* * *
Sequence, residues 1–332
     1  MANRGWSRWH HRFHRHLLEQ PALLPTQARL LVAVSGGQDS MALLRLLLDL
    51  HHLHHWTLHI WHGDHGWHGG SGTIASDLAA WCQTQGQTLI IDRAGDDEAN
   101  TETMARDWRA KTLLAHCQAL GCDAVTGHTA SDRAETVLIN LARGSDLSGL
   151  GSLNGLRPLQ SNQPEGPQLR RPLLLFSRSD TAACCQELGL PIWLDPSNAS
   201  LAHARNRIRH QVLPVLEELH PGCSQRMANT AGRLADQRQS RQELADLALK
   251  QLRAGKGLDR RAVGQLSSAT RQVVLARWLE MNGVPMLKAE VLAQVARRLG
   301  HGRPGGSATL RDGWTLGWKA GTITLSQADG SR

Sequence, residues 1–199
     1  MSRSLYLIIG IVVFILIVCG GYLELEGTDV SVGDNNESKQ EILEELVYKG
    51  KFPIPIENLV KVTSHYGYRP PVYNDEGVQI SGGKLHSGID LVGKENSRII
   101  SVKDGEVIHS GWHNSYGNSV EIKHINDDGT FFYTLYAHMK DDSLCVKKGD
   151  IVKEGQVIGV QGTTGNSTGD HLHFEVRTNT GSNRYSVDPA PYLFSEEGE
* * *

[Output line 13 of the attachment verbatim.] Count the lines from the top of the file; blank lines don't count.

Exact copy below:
   151  IVKEGQVIGV QGTTGNSTGD HLHFEVRTNT GSNRYSVDPA PYLFSEEGE